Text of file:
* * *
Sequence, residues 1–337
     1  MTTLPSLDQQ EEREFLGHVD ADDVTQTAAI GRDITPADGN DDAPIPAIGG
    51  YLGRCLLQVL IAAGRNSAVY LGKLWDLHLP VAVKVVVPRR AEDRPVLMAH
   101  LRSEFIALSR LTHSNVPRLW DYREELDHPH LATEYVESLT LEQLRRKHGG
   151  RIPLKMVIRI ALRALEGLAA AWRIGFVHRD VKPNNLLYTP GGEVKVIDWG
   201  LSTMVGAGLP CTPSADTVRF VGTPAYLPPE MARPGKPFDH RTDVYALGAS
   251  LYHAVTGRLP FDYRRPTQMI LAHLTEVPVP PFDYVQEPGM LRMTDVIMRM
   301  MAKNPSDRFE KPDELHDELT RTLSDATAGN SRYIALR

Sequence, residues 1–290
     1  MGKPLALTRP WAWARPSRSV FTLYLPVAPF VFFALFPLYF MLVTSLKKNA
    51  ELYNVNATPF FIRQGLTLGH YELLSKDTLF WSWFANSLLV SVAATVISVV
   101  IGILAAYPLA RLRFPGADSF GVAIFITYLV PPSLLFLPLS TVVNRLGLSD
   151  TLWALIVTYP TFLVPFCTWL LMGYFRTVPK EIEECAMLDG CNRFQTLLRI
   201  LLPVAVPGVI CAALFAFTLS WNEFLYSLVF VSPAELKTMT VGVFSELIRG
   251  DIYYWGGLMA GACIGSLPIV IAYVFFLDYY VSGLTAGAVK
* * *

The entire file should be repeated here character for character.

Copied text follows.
Sequence, residues 1–337
     1  MTTLPSLDQQ EEREFLGHVD ADDVTQTAAI GRDITPADGN DDAPIPAIGG
    51  YLGRCLLQVL IAAGRNSAVY LGKLWDLHLP VAVKVVVPRR AEDRPVLMAH
   101  LRSEFIALSR LTHSNVPRLW DYREELDHPH LATEYVESLT LEQLRRKHGG
   151  RIPLKMVIRI ALRALEGLAA AWRIGFVHRD VKPNNLLYTP GGEVKVIDWG
   201  LSTMVGAGLP CTPSADTVRF VGTPAYLPPE MARPGKPFDH RTDVYALGAS
   251  LYHAVTGRLP FDYRRPTQMI LAHLTEVPVP PFDYVQEPGM LRMTDVIMRM
   301  MAKNPSDRFE KPDELHDELT RTLSDATAGN SRYIALR

Sequence, residues 1–290
     1  MGKPLALTRP WAWARPSRSV FTLYLPVAPF VFFALFPLYF MLVTSLKKNA
    51  ELYNVNATPF FIRQGLTLGH YELLSKDTLF WSWFANSLLV SVAATVISVV
   101  IGILAAYPLA RLRFPGADSF GVAIFITYLV PPSLLFLPLS TVVNRLGLSD
   151  TLWALIVTYP TFLVPFCTWL LMGYFRTVPK EIEECAMLDG CNRFQTLLRI
   201  LLPVAVPGVI CAALFAFTLS WNEFLYSLVF VSPAELKTMT VGVFSELIRG
   251  DIYYWGGLMA GACIGSLPIV IAYVFFLDYY VSGLTAGAVK